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Mobile Location-Based Marketing Presents A Golden Opportunity for Brands

This week, Asif Khan, President of the LBMA, visited the Digital Lab to demonstrate how brands and marketers are leveraging the power of location-based marketing. In particular, Asif noted how marketers’ recent obsession with data has overlooked the fact that much of that data contains location-based information.

In a study with IBM, the LBMA found that 85% percent of all data being generated in the world today has a location element. While GPS is the primary tracking system in America, it does not facilitate indoor location monitoring. That is where cell tower triangulation, WiFi, Beacon and low energy Bluetooth technology come into play.  

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David Shing Visits the Digital Lab

Today in the Digital Lab, AOL’s “Digital Prophet,” David Shing, gave a 360-degree overview of the creative communications industry and the connected human. His talk covered an enormous amount of ground but here are a few of our favorite insights and implications for marketing and advertising:

1. TODAY, BRANDS OWN BREAKING NEWS

This means that as marketers, we have to be current and help our brands not just join the conversation, but initiate conversation. Shing asked, “What’s evergreen? Seasonal? And one-off?” 

2. THERE ARE NO GATEKEEPERS IN DIGITAL

We don’t know if there will ever be zero gatekeepers in our industry, but the obstacles may be shorter and more easily broken into than alternative mediums. Undoubtedly, digital is accessible and facilitates real-time outreach.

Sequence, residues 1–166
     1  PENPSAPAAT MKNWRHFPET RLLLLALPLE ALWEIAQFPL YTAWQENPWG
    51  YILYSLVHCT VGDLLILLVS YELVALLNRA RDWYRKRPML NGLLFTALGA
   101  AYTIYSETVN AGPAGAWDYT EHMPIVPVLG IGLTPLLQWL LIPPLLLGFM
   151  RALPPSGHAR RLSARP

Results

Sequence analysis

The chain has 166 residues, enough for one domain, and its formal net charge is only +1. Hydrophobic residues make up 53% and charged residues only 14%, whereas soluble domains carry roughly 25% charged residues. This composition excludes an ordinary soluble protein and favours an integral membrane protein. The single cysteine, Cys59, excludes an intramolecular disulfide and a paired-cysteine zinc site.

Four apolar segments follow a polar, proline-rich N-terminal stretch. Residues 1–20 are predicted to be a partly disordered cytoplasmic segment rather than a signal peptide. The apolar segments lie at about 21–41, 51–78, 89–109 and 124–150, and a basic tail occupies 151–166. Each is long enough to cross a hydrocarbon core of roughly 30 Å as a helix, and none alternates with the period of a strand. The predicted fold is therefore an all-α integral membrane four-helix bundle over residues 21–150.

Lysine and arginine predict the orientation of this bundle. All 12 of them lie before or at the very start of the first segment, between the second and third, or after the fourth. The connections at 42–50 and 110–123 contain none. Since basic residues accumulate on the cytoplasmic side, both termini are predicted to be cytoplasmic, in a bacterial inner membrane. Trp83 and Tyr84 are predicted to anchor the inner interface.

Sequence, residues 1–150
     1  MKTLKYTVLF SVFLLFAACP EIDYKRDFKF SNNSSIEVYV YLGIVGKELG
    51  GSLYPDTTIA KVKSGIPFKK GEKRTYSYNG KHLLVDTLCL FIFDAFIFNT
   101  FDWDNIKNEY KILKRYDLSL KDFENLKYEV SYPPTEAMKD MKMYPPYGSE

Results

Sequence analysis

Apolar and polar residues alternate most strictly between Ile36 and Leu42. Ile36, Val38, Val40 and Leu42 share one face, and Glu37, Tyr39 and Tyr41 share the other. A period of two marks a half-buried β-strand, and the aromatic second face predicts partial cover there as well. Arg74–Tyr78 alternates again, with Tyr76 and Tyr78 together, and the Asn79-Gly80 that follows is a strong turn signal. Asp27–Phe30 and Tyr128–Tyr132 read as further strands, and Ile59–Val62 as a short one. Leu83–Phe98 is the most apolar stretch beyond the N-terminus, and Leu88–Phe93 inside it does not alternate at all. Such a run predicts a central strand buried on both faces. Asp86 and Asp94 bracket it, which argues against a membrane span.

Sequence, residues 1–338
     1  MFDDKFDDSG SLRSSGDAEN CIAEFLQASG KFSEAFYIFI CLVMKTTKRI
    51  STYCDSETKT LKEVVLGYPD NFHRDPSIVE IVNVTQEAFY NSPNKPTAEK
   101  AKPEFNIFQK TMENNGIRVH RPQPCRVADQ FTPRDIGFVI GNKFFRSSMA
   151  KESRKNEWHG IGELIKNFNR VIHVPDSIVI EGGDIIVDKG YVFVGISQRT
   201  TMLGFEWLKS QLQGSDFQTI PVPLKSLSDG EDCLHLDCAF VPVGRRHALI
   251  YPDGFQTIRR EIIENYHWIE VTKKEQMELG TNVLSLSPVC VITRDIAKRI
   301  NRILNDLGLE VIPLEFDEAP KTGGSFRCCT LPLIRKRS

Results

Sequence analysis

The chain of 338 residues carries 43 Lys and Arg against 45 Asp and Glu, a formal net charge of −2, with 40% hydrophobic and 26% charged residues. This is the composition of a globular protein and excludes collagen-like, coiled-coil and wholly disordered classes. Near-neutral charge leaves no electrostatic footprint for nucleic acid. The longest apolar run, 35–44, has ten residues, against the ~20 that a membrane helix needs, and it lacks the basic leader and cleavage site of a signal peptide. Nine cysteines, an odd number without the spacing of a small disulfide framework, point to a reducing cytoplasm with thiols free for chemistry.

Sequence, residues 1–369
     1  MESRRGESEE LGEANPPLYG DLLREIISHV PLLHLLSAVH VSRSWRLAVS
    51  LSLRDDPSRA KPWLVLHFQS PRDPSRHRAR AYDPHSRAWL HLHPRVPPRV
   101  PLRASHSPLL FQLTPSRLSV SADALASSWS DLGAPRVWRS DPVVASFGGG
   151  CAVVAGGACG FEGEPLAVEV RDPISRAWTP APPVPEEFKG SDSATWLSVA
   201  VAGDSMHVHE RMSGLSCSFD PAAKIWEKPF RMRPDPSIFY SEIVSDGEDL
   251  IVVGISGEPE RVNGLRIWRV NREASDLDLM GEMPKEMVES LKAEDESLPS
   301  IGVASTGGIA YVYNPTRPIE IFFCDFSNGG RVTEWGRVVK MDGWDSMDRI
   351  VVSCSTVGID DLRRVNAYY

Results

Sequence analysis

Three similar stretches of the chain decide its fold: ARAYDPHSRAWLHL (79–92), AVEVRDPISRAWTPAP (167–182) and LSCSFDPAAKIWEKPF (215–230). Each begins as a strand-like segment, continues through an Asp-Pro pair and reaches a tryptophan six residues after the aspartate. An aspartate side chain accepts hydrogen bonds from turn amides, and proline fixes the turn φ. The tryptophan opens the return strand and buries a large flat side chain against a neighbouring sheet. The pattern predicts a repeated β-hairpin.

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Organic Influencer Outreach Strategy

It’s no secret that brands usually have to pay big bucks for celebrity endorsements. Celebrities attract attention and their personas are meant to leave lasting impressions on brand loyalists and potential consumers. Although just about every brand on the planet could benefit from Beyonce’s endorsement, there are ways to leverage influencers that don’t cost $50 million. Whatever the social or CRM budget, it’s worthwhile thinking about an organic outreach strategy.

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Do You Dropbox? A Look at Cloud Storage

At Digital Surgeons, we drop our working projects into the big (somewhat scary) virtual box. The Dropbox. We place an absurd amount of confidence in this hosting service - because it’s given us no reason not to. And we love it. It’s like an all-access meal plan in college. Or the fast pass at Disney. If you don’t use Dropbox, you’ve at least heard about cloud based file storage or use a similar service like GoogleDrive, BOX.net, BitCasa or Hightail (formally YouSendIt). We have a business account with Dropbox, providing a good amount of space to access and share our files within - anytime, anywhere with anyone.